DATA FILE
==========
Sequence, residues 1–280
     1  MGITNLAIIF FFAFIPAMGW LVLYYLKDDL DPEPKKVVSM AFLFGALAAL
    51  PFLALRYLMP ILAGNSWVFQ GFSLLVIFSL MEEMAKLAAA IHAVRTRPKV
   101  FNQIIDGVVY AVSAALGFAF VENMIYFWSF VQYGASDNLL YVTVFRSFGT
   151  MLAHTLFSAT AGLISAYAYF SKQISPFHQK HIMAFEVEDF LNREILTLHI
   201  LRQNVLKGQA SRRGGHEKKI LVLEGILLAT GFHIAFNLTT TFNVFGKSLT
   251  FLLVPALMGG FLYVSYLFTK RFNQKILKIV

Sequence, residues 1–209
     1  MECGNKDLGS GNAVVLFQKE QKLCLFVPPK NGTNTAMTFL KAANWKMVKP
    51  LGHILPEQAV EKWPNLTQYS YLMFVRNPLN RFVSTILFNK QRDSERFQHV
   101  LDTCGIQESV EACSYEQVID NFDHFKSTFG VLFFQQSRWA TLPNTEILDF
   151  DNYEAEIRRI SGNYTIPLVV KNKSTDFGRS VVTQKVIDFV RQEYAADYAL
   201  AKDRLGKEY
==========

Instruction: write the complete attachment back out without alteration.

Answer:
Sequence, residues 1–280
     1  MGITNLAIIF FFAFIPAMGW LVLYYLKDDL DPEPKKVVSM AFLFGALAAL
    51  PFLALRYLMP ILAGNSWVFQ GFSLLVIFSL MEEMAKLAAA IHAVRTRPKV
   101  FNQIIDGVVY AVSAALGFAF VENMIYFWSF VQYGASDNLL YVTVFRSFGT
   151  MLAHTLFSAT AGLISAYAYF SKQISPFHQK HIMAFEVEDF LNREILTLHI
   201  LRQNVLKGQA SRRGGHEKKI LVLEGILLAT GFHIAFNLTT TFNVFGKSLT
   251  FLLVPALMGG FLYVSYLFTK RFNQKILKIV

Sequence, residues 1–209
     1  MECGNKDLGS GNAVVLFQKE QKLCLFVPPK NGTNTAMTFL KAANWKMVKP
    51  LGHILPEQAV EKWPNLTQYS YLMFVRNPLN RFVSTILFNK QRDSERFQHV
   101  LDTCGIQESV EACSYEQVID NFDHFKSTFG VLFFQQSRWA TLPNTEILDF
   151  DNYEAEIRRI SGNYTIPLVV KNKSTDFGRS VVTQKVIDFV RQEYAADYAL
   201  AKDRLGKEY